Review: Functional Genomic Annotations
Functional genomic annotations, through their regulation of gene function, contribute to particular psychiatric and neurological phenotypes. However, the ability to study and utilize such information has been limited by the difficulty of accessing the relevant brain tissue. This review by Gagliano (pages 478--483) serves as a resource to investigators by summarizing the availability and accessibility of brain epigenetic and functional genomic data, which include the ENCODE, Roadmap Epigenomics, PsychENCODE, and GTEx projects. The use of such brain data is key to gaining further insight into the epigenetic factors that contribute to psychiatric and other brain disorders.
Polygenic Risk Score Prediction in Psychosis
Polygenic risk scores (PRSs) produce a summary estimate of an individual’s total genetic burden for complex disorders based on all the common genetic variants. They have been shown to improve the performance of predictive risk models aimed at identifying individuals at elevated risk for a disorder. Here, in a clinical sample of first-episode psychosis patients, Vassos et al. (pages 470–477) show that PRSs can effectively discriminate between case-control status in individuals of European ancestry, but not in those of African ancestry. In addition, PRSs distinguished case subjects who developed schizophrenia from those who did not, but not at a level high enough for clinical utility.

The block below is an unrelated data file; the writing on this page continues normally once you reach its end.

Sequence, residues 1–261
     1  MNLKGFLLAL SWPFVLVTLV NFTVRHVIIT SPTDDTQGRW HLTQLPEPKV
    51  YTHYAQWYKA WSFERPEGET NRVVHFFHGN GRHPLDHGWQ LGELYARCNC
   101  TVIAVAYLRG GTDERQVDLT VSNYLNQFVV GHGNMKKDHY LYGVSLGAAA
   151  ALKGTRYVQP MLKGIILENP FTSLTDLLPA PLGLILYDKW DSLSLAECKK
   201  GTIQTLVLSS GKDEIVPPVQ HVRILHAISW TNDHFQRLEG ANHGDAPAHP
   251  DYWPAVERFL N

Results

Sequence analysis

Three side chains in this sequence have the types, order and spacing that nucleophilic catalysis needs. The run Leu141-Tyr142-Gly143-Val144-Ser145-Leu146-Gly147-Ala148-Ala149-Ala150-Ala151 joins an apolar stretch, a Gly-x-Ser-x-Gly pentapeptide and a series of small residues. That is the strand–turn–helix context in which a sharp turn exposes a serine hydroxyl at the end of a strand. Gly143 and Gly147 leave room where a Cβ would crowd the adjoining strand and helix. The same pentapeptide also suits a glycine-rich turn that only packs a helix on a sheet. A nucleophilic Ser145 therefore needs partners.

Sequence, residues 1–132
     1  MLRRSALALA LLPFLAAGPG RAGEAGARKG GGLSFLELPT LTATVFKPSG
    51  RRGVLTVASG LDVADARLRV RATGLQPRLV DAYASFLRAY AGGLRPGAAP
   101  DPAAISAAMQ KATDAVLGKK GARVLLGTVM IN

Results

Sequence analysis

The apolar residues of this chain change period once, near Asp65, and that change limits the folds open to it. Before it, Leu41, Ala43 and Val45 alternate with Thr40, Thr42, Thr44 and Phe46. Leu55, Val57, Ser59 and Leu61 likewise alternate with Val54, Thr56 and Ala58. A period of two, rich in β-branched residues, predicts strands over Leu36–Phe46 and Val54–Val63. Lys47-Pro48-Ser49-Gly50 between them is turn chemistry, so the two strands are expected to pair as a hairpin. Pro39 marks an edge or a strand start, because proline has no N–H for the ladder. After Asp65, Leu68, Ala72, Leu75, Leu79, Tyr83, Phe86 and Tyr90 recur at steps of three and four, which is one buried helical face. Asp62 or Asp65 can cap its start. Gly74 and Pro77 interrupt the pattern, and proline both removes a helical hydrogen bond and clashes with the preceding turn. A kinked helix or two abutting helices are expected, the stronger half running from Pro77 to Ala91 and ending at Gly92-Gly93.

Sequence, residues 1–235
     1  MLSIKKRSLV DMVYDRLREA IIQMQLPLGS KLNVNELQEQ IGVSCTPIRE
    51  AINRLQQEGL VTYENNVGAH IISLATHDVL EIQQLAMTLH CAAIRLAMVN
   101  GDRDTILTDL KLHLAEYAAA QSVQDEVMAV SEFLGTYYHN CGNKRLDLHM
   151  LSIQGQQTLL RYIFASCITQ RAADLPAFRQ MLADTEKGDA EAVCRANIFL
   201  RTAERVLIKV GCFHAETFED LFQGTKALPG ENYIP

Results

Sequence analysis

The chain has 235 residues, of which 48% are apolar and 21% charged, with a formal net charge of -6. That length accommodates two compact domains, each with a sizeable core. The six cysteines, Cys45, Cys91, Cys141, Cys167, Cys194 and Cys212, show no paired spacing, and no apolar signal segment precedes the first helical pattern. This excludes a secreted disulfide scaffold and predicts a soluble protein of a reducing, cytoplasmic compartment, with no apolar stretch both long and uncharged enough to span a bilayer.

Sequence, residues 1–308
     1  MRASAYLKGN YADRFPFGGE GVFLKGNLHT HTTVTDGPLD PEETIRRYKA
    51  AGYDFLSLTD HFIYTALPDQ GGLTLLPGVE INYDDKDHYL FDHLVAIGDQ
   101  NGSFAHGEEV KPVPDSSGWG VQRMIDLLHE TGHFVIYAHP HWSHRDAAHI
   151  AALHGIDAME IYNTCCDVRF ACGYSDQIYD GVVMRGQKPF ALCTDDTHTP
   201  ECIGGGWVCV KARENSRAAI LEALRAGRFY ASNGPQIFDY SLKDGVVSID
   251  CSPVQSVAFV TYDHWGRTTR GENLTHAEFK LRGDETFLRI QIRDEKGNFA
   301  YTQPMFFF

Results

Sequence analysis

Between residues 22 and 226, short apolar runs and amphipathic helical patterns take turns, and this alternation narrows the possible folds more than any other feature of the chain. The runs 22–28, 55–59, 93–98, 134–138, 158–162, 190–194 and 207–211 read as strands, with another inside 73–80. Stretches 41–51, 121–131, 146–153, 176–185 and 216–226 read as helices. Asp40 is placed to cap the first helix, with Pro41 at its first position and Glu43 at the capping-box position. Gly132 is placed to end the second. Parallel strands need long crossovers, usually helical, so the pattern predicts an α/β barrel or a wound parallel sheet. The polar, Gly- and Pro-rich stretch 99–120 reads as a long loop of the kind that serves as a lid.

Data-Driven Psychiatric Phenotypes
Current diagnostic categories are unable to capture behavioral and biological variation, and such limitations hinder the further characterization of brain-behavior relationships. Assessing a community-based sample, Van Dam et al. (pages 484--494) used data-driven clustering to identify phenotypic groups, which were best differentiated by behavioral/lifestyle variables although they also exhibited meaningful differences in psychopathology. Psychiatric diagnoses were a poor indicator of group membership. Functional brain connectivity varied by group membership, with differences in somatomotor, thalamic, basal ganglia, and limbic networks at the highest grouping level. These findings support the value of using data-driven phenotypic categorization to explore the neurobiology of mental illness.
Genetics, Imaging, and Behavior in Schizophrenia
Schizophrenia is extensively investigated in the fields of genetics and neuroimaging, but the relationship between schizophrenia risk genes and the consistent findings of white matter disconnectivity in patients remains unclear. In this cross-modal study, Romme et al. (pages 495--502) combined cortical gene expression data with brain connectivity data in patients with schizophrenia. Their findings show that the expression patterns of genes related to schizophrenia correlate with the disease-related pattern of brain disconnectivity, providing insight into the underlying pathogenetic mechanisms of macroscale brain connectome changes in schizophrenia.